BERLIN – Germany’s elections are over. The winners and losers are clear, and the political landscape has changed profoundly. The real drama, however, occurred not among the country’s main parties but on the boundaries of the political spectrum.
Chancellor Angela Merkel is celebrating a landslide victory, with her Christian Democratic Union (CDU) having fallen just short of an outright parliamentary majority. But the scale of her triumph is mainly due to the collapse of her liberal coalition partner, the Free Democratic Party (FDP), which for the first time in the German Federal Republic’s history will not be represented in the Bundestag.
The liberals have always formed a key part of German postwar democracy; now they are gone. Responsibility for that lies, first and foremost, with the FDP. No governing party can afford such woefully incompetent ministers and leadership; Merkel had merely to stand back and watch the liberals’ public suicide over the last four years.
The opposition parties, too, paid the price for their failure to come to grips with reality. The economy is humming, unemployment is low, and most Germans are better off than ever before. But, rather than focusing on the government’s weaknesses – energy, Europe, education, and family policy – they bet their political fortunes on social justice. Merkel’s Panglossian campaign was much more in tune with the sentiment of the German electorate than the opposing parties’ tristesse about working-class distress, which was rightly seen as a ploy for raising taxes.
Governing majorities (and therefore elections) in Germany are always won in the center. Merkel’s predecessor, the Social Democratic Party (SPD) leader Gerhard Schröder, knew this well. But this time her opponents – the SPD, Die Linke (The Left), and the Greens – cleared the center and cannibalized each other on the left. The leadership issue made matters worse – the SPD’s Peer Steinbrück and the Greens’ Jürgen Trittin never had the slightest chance against Merkel and Finance Minister Wolfgang Schäuble.
The only new factor that could bring about a structural change in German politics is the rise of the new Alternative for Germany (AfD). Though its share of the popular vote fell just below the 5% threshold required to enter the Bundestag, the party performed surprisingly well. If its leadership can build on this success, the AfD will make news in next spring’s European Parliament elections.
Indeed, the AfD scored well in eastern Germany – where three state elections will be held in 2014 – by gaining many votes from The Left. This implies that the AfD could establish itself on the German political landscape permanently, which would make a comeback for the FDP all the more difficult.
Still, despite the FDP’s implosion and the opposition parties’ disastrous electoral strategy, Merkel needs a coalition partner. The Left is not an option, and any attempt at building a coalition with the Greens – a party that will be reeling from the shock of its poor performance for quite some time – would court instability.
So Germany will be left with a grand coalition – just as the German electorate wanted. The SPD will recoil at the prospect, sit on the fence, and finally give in, because Merkel has a powerful disciplinary instrument: she could call a new election, in which the CDU would probably win an outright majority.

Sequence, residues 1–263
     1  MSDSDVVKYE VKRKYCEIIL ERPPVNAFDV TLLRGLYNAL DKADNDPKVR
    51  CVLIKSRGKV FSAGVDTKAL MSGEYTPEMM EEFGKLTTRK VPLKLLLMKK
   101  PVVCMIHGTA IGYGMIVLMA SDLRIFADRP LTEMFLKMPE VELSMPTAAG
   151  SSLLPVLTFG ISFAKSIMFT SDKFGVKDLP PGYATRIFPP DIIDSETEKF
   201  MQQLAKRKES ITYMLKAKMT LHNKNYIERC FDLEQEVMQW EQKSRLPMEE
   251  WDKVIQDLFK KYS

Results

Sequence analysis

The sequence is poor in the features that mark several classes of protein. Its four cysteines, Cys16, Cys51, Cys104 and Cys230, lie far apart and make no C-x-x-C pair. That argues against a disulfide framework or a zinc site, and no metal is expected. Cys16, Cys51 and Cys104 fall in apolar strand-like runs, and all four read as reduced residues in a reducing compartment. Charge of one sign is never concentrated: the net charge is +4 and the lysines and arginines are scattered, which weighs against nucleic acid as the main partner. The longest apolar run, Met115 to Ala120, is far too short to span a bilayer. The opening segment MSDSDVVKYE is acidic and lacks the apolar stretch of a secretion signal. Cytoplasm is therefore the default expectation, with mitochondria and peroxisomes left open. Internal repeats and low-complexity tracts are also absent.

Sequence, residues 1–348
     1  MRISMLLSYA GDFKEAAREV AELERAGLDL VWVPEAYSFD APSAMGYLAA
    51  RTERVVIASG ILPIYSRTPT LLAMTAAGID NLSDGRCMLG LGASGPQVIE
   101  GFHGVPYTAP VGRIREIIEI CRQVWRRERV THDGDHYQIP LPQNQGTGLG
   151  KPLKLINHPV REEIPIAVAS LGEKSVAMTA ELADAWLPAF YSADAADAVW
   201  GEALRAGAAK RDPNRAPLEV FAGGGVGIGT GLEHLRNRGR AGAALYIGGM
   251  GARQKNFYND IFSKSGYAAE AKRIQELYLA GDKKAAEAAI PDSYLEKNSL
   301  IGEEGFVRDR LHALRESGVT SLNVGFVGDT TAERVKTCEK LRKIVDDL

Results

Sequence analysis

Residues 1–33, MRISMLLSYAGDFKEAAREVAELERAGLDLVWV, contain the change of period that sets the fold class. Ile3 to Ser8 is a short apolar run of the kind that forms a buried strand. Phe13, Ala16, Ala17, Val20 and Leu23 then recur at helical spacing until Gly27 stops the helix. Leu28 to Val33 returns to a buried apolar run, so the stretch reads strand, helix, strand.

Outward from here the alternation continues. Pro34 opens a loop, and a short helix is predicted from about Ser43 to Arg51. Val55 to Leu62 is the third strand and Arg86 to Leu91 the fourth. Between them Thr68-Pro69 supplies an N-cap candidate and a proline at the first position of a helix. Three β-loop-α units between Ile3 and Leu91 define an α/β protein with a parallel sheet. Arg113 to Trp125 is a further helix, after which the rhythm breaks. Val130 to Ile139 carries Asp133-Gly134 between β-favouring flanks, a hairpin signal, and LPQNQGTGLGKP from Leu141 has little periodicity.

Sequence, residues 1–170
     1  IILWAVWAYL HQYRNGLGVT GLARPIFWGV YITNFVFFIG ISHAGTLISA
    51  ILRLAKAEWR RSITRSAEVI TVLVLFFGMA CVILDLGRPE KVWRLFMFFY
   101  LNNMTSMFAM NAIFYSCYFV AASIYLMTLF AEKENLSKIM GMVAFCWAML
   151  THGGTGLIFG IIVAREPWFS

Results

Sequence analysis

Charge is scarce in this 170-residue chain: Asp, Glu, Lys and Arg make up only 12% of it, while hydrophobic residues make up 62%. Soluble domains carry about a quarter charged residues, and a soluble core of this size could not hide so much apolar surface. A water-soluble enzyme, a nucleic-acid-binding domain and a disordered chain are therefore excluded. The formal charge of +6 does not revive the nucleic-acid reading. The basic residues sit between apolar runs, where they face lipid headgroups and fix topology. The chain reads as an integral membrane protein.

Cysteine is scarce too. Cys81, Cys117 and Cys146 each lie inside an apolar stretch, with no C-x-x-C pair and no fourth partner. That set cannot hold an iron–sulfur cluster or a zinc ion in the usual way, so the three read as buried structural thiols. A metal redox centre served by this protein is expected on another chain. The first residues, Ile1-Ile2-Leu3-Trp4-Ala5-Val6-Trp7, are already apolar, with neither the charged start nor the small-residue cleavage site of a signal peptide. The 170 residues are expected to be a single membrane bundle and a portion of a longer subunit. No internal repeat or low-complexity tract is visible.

A grand coalition is not the worst option. Nothing fades as quickly as the glow of an election victory, and the German idyll will soon be disturbed by harsh reality – the European Union’s simmering crisis, Syria, Iran, and energy policy.
The need for consensus is especially acute with respect to the difficult decisions concerning Europe that the German government now faces. Greece needs more debt relief. A European banking union with joint liability cannot be put off much longer. The same is true of many other issues. A winter of discontent awaits Merkel, followed by a European election campaign that is likely to bring the CDU back down to earth.
But no one should expect a significant change in Merkel’s EU policy or her approach to foreign affairs and security questions. Her positions on these issues have now been endorsed by a huge portion of the German electorate; and, from a certain age, most people – including those in high office – do not change easily. Besides, in these matters, there is no longer much difference between the center-right CDU and the center-left SPD.
A grand coalition could show greater flexibility in addressing the euro crisis, but less on questions of foreign and security policy. In this respect, however, Germany would gain much from the opportunity to craft a proper foreign policy in the framework of a Western alliance that in recent years has had a dangerous void where Germany used to be – though this is more a vague hope than a concrete expectation.
It will also be interesting to see if and how Merkel tackles Germany’s muddled Energiewende (energy turnaround) – the move to a low-carbon economy that is the most important domestic project of her tenure. Either she will succeed with it, or it will become a monumental disgrace for Germany and a disaster for the German economy. The decisive questions now are whether she musters the courage to concentrate all the necessary responsibilities for this mega-project in the energy ministry, and whom she entrusts with overseeing this Herculean task.
The late editor of the weekly magazine Der Spiegel, Rudolf Augstein, who never liked former Chancellor Helmut Kohl, titled his commentary about German reunification “Congratulations, Chancellor!” For Merkel, Sunday’s election has opened a door, especially with respect to overcoming the euro crisis and to deepening European integration. But, until she walks through it, I will refrain from congratulating her.
Copyright: Project Syndicate/Institute for Human Sciences, 2013.
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